Despite all of the improvements, Windows XP doesn’t come without its share of controversy. Let us count the ways in which the new operating system has raised eyebrows and hackles.
Windows XP marks the first time Microsoft has ever copy-protected Windows, meaning you can’t install Windows XP on more than one PC from the same CD. (Technically, the CDs are all identical. What you really can’t use more than once is your serial number.) If you have a desktop PC as well as a laptop, you have to buy Windows XP twice, and Microsoft will give you only a 10 percent discount on the second copy. If you make the attempt, the second PC refuses to operate after 30 days.
How does it know that you’re being naughty? When you first install Windows XP, the operating system inspects ten crucial components inside your PC: the hard drive, motherboard, video card, memory, and so on. All this information is transmitted, along with the 25-character serial number on the back of your Windows XP CD (the Product Key), to Microsoft’s database via your Internet account. The process takes about two seconds, and involves little more than clicking an OK button. You have just activated Windows XP.
If you don’t have an Internet connection, activation is a much more grueling procedure. You have to call a toll-free number, read a 50-digit identification number to the Microsoft agent, and then type a 42-digit confirmation number into your software. Do whatever it takes to avoid having to endure this fingertip-numbing ritual.
Later, if you try to install the same copy of Windows XP onto a different computer, Windows XP will check in with Microsoft and discover that the new machine’s components aren’t the same. It will conclude that you have tried to install the same copy of the operating system onto a different machine—and it will lock you out.
This aspect of Windows XP has frightened or enraged many a computer fan. In truth, though, it isn’t quite as bad as it seems. Here’s why:
If you buy a new PC with Windows XP already installed, you don’t have to activate anything; it’s already been done.
Copies of Windows XP that are distributed within corporations don’t require this activation business, either.
No information about you is transferred to Microsoft during this activation process—only a list of the components in your PC make the trip. (Later in the installation process, you’re also asked to register your copy of Windows—a completely different affair. This time, personal information is transmitted to Microsoft—but this part is optional.)
Don’t believe the Internet Chicken Littles who claim that activation will shut down your PC if you try to upgrade the memory or another component. In fact, you would have to replace four of the ten key components within a period of four months—your basic hardware-upgrade frenzy—before Windows XP stopped recognizing your computer. And even then, you could just call Microsoft to obtain a new activation number.
Your PC’s note to itself that Windows has been properly activated is stored in two little files called Wpa.dbl and Wpa.bak. (They’re in your My Computer→Local Disk (C:)→Windows→System32 folder.) If you ever decide to replace your hard drive, back up these little files before you remove your original drive. (Copy them onto a floppy, for example.)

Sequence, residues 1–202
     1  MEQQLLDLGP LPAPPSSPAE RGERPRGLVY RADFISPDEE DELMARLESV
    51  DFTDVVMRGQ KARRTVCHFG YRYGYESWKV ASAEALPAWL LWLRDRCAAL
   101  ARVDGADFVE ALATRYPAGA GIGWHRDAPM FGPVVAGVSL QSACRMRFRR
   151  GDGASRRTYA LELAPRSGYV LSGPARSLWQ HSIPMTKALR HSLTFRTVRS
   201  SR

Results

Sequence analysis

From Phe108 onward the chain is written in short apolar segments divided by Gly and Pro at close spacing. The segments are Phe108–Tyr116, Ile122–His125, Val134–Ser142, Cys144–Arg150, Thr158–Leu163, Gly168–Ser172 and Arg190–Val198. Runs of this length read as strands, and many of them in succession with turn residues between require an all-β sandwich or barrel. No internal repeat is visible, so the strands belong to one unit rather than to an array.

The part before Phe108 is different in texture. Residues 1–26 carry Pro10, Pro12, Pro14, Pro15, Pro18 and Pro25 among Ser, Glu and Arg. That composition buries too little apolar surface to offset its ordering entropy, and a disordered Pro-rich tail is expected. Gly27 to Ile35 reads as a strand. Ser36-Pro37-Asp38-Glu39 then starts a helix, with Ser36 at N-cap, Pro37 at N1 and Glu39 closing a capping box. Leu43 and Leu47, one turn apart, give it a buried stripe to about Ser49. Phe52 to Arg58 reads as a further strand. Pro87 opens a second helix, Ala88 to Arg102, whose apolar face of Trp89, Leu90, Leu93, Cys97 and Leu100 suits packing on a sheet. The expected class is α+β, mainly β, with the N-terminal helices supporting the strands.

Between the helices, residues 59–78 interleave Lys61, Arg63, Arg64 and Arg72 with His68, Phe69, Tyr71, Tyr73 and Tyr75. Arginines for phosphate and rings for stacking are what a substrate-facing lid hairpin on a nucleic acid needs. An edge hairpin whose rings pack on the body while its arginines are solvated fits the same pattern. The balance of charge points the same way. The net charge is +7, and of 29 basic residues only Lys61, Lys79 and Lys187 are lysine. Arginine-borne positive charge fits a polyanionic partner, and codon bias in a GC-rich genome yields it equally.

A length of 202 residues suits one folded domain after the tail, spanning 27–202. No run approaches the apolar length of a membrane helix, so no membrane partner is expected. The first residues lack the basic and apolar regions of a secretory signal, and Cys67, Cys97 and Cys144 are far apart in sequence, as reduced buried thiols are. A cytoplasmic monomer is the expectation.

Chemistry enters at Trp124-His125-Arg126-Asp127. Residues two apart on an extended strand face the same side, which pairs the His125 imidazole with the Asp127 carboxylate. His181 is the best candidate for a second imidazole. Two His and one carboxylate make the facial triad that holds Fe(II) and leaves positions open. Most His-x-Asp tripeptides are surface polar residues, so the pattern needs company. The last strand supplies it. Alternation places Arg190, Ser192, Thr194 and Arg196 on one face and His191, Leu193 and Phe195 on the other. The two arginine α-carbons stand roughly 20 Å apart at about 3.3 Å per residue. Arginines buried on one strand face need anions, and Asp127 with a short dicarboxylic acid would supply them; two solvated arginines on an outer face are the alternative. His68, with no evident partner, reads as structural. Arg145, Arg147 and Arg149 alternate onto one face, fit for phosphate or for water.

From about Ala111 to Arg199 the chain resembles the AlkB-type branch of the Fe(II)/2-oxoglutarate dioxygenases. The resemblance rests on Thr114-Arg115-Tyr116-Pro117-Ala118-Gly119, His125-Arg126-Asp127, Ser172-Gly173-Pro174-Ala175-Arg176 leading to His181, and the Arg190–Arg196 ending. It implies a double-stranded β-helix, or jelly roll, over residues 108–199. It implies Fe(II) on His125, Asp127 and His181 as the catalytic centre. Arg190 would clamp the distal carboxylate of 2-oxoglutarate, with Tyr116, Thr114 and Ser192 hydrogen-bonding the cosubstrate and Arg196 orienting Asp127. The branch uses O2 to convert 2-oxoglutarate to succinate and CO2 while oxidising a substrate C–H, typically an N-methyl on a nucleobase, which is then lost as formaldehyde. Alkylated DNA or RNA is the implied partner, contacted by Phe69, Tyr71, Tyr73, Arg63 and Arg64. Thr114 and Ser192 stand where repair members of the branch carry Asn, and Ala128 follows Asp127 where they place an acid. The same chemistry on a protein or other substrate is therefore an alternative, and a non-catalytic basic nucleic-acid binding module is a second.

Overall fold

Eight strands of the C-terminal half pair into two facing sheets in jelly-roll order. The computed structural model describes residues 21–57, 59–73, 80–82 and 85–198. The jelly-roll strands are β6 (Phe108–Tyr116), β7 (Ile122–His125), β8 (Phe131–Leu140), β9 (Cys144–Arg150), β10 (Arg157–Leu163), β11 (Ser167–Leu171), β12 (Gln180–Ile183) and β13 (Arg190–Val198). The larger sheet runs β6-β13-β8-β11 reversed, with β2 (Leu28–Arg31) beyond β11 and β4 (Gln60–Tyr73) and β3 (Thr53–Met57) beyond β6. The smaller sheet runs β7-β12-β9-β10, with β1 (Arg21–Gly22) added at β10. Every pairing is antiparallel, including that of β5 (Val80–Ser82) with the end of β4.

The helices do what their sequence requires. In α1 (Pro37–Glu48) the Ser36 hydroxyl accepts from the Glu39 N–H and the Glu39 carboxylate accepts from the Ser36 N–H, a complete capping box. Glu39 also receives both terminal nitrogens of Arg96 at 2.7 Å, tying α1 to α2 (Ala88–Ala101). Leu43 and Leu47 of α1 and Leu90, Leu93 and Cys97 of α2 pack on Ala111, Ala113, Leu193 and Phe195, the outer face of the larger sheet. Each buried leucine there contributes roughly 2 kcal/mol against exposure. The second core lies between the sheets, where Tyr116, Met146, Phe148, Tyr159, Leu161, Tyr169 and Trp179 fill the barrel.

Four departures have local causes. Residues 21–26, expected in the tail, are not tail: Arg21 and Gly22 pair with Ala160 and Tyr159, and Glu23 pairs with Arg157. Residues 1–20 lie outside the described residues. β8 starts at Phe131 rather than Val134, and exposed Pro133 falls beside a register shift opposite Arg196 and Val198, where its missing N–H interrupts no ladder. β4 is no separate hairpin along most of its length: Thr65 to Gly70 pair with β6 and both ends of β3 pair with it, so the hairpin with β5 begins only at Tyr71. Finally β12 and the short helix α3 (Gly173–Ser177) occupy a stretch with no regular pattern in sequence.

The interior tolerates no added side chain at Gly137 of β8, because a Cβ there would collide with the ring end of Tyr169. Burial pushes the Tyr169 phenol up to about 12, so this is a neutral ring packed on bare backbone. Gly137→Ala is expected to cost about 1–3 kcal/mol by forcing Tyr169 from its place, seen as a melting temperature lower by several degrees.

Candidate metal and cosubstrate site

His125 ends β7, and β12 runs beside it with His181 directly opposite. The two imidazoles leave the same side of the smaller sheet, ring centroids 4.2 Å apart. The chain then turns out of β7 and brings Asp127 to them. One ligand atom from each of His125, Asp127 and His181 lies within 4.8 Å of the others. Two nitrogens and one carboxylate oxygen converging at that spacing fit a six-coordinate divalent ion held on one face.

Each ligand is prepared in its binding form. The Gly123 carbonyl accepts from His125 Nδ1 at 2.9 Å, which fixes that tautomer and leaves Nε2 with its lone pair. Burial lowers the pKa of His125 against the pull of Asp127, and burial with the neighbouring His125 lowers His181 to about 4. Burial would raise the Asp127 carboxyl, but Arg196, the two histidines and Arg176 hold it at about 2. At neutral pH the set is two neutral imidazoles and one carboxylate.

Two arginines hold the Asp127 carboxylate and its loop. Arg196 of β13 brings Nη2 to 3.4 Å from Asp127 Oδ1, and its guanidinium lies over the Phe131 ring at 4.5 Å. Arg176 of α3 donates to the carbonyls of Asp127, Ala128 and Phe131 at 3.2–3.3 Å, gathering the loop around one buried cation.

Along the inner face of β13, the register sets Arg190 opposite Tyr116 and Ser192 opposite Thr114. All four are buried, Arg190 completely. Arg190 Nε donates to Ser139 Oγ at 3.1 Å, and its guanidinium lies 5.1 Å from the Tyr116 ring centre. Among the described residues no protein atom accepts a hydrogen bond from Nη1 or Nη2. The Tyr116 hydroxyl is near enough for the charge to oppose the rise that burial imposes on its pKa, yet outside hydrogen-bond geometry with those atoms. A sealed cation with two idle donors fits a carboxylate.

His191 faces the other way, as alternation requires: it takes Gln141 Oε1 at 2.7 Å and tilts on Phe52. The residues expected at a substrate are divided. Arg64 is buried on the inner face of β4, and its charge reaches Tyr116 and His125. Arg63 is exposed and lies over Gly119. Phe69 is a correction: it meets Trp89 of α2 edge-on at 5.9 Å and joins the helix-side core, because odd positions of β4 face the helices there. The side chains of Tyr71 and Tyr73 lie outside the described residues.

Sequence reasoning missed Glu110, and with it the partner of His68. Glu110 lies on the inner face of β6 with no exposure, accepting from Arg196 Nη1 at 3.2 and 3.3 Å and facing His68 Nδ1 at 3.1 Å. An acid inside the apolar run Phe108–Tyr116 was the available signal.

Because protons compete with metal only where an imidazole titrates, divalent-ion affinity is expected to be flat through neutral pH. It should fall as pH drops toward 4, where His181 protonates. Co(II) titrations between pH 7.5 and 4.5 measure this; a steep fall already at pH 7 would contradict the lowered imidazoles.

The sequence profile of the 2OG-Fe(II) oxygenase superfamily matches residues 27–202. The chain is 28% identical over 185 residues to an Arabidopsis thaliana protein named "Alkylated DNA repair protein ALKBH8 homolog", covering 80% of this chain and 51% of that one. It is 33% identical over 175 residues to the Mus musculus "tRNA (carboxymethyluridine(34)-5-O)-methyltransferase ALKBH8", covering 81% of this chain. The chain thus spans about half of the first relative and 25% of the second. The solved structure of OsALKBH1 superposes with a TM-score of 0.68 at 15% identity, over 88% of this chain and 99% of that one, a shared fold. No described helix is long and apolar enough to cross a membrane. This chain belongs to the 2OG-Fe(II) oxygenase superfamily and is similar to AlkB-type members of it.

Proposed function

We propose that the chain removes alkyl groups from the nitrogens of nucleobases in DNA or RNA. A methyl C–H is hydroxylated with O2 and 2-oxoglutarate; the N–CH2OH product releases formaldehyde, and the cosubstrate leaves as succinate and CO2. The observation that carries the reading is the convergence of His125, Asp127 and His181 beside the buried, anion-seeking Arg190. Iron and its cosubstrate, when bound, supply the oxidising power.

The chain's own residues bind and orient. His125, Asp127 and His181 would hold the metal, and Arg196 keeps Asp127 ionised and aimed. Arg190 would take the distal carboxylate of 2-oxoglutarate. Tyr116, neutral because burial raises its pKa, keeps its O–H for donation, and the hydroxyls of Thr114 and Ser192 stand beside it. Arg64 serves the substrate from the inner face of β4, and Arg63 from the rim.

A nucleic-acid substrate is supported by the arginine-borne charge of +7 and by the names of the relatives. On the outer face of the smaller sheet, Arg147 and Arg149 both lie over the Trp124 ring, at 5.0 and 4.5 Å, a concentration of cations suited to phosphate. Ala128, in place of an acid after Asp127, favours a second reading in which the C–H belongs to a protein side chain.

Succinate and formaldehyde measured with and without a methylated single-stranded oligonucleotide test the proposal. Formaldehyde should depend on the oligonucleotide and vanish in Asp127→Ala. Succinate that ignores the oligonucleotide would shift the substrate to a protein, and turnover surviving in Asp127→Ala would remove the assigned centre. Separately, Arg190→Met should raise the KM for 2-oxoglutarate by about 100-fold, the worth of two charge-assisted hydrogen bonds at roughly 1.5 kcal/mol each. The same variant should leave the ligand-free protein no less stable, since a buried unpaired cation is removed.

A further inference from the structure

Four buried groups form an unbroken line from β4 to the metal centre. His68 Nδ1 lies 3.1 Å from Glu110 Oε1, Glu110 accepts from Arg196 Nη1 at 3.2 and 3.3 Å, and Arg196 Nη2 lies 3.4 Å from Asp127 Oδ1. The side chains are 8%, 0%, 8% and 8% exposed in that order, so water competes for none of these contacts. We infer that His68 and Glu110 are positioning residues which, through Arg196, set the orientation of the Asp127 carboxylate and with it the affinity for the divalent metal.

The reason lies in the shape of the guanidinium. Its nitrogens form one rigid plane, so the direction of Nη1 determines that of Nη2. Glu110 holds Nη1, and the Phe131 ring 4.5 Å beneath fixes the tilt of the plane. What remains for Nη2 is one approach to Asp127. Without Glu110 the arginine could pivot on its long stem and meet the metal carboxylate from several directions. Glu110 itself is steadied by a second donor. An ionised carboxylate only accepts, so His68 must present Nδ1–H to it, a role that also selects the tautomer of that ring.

Then, after installing the new hard drive and installing Windows XP onto it, copy the Wpa.dbl and Wpa.bak files into exactly the same folder. Windows XP will be perfectly content that it’s running on a legitimate, properly activated computer.
Microsoft is making more of an effort than ever to compile a massive database of its customers. There’s nothing particularly sneaky about it, though, because Microsoft collects this information only with your permission.
Here are three times when you’ll be asked to send information back to Microsoft:
During registration. As noted earlier, registration means “sending your name and address to Microsoft just after starting up Windows XP for the first time.” Registering ensures that you’ll be on Microsoft’s mailing lists, so you won’t miss a single exciting Microsoft marketing message. Fortunately, it’s optional.
After a crash or freeze. When things go really wrong with your software, Windows XP, like Office XP before it, seeks your permission to send a bug report back to the mother ship. No information about you is supposed to go along for the ride—only a description of your PC and some technical specs that describe what was going on at the time of the crash. However, it’s technically possible for some scraps of your document to show up in the report.
Microsoft collects these bug reports by the thousands. Its hope, of course, is that it will be able to spot patterns that help pinpoint the causes of these crashes.
When you try to use one of the Internet features. Some of Windows XP’s most attractive features, including MSN Messenger and Web page publishing, require you to have a Passport—Microsoft’s form of Internet identification. All you have to reveal in this case is your email address. You can refuse, of course, but then Microsoft won’t let you use those features.
Microsoft swears up and down that it has no ulterior motives in compiling this data. But if it makes you nervous, just decline in each case.
Microsoft makes no secret of the fact that it wants its own software technologies to predominate, especially when it comes to the Internet and multimedia. For example, the Java software required by many online banking and investment Web sites is no longer part of the standard Internet Explorer Web browser installation (because of legal squabbles with Sun, Java’s creator). Windows Media Player can’t understand QuickTime movie files or RealAudio files, either—and, in fact, can’t even turn your CDs into standard MP3 files.